Coronial inquests are public hearings held to examine the cause and circumstances surrounding the death of somebody in unusual or unnatural circumstances. Coroners examine reports submitted by police in respect of each death and determine which need to be further investigated. The family of a deceased person can request a coroner to investigate the death of their loved one, although it is ultimately a decision for the coroner as to which deaths require an investigation and inquest.
Coroners have specific powers to assist them in investigating deaths. After an investigation is complete a coroner then decides whether or not an inquest should be held. In making this decision the coroner will take into account the wishes of the deceased’s family and any other interested parties.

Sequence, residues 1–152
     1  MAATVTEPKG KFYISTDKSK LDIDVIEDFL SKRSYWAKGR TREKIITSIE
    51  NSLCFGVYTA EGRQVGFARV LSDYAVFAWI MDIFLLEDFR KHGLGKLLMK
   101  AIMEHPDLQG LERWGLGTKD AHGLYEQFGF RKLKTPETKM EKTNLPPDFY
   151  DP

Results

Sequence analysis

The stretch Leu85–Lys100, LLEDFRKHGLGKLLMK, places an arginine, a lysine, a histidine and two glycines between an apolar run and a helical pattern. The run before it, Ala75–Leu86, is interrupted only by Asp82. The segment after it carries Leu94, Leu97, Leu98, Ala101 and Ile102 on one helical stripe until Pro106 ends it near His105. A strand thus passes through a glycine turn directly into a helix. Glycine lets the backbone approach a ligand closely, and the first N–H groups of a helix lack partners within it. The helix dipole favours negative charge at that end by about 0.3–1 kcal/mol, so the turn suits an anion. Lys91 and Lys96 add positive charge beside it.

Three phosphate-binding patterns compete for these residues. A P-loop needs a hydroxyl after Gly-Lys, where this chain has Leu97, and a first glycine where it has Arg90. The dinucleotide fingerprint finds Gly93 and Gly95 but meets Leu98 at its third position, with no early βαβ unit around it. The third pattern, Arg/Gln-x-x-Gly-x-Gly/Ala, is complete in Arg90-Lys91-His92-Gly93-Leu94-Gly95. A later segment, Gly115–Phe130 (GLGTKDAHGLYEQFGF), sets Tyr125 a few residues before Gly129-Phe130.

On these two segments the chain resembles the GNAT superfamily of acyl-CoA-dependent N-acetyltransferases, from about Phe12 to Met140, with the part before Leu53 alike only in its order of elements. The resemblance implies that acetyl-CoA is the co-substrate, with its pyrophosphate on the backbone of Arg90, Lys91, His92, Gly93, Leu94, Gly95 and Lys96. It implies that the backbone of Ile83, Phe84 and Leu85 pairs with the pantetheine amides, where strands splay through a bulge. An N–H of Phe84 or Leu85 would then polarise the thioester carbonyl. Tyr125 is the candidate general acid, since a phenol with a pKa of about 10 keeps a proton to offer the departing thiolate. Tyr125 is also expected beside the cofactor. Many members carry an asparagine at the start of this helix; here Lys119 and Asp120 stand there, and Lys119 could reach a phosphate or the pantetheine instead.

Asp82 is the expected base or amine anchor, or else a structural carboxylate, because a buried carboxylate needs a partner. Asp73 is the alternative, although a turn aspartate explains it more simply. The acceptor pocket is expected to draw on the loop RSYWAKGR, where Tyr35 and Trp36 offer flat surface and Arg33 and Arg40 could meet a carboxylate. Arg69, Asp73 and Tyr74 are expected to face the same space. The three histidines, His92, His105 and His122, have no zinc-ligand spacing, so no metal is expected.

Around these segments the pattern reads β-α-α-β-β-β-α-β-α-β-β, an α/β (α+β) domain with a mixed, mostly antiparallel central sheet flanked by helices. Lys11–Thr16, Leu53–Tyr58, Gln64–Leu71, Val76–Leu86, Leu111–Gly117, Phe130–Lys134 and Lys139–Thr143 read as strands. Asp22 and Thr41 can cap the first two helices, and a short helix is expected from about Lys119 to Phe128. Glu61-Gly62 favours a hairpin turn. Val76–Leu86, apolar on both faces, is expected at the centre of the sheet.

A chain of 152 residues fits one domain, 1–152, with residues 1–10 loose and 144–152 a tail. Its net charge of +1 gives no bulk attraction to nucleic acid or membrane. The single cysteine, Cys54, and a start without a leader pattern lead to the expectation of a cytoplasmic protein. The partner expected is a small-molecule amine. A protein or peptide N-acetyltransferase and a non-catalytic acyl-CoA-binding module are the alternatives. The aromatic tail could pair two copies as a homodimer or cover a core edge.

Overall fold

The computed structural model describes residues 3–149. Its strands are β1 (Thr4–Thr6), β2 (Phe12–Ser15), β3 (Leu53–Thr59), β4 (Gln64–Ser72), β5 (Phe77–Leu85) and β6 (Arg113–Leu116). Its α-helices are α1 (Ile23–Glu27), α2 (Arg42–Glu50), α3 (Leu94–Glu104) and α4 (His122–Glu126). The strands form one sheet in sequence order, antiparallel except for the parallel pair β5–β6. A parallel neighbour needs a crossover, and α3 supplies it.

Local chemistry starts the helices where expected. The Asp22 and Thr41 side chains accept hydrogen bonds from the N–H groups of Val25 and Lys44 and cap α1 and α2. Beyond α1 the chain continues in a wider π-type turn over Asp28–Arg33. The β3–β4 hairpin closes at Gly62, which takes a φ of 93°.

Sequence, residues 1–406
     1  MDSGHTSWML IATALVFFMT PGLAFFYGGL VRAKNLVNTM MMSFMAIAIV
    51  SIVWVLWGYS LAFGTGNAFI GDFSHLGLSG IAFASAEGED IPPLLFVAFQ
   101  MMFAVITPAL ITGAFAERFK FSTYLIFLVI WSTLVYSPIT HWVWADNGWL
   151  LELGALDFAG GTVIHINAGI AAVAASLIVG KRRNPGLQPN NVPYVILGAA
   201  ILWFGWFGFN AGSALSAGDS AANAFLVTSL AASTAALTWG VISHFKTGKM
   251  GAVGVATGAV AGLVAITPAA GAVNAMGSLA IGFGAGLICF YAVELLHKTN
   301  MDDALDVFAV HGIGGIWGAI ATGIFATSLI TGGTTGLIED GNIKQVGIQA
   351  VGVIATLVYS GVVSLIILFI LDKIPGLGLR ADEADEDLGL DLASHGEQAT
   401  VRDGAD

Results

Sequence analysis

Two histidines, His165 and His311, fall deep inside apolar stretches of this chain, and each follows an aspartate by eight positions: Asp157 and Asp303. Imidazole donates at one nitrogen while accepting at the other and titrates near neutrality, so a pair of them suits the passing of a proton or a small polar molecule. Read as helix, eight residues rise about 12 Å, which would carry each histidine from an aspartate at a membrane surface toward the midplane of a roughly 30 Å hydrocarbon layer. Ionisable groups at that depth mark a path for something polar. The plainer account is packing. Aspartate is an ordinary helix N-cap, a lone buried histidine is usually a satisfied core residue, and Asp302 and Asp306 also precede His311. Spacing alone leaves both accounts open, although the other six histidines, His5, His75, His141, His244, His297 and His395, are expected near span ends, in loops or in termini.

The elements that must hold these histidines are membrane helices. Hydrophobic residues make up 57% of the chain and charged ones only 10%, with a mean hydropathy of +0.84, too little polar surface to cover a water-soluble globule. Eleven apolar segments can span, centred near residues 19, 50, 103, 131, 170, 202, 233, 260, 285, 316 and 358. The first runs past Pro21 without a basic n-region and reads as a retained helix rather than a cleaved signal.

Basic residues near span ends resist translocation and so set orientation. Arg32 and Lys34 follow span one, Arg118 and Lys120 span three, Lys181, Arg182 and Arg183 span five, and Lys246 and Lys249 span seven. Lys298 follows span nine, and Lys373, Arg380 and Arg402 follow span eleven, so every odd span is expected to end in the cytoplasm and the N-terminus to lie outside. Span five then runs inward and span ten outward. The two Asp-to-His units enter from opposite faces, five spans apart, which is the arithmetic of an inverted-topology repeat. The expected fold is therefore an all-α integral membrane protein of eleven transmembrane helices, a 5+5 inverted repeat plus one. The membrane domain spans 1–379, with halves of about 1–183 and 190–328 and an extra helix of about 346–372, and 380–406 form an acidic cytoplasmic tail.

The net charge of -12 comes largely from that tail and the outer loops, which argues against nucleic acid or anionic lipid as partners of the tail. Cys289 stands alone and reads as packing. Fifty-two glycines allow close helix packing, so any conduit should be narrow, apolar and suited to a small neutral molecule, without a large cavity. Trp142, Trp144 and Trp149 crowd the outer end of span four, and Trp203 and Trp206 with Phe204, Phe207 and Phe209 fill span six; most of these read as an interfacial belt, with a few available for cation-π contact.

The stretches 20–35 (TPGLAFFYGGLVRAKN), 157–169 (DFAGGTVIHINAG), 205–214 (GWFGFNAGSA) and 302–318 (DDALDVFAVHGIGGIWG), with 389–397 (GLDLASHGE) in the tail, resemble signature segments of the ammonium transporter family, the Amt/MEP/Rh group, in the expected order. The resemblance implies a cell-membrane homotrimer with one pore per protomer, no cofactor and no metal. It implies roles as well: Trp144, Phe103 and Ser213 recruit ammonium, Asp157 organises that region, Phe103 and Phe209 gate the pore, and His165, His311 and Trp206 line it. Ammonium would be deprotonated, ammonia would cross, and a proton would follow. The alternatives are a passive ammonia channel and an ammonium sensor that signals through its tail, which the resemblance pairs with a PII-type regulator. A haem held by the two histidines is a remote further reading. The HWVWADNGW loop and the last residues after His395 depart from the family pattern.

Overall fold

At the conclusion of the inquest the coroner must deliver findings in which s/he establishes, if possible, who the deceased was, when and where the deceased died and how they died. Another important function of a coronial inquest is the coroner’s power to make recommendations; for example, recommendations as to how similar deaths might be avoided in the future.
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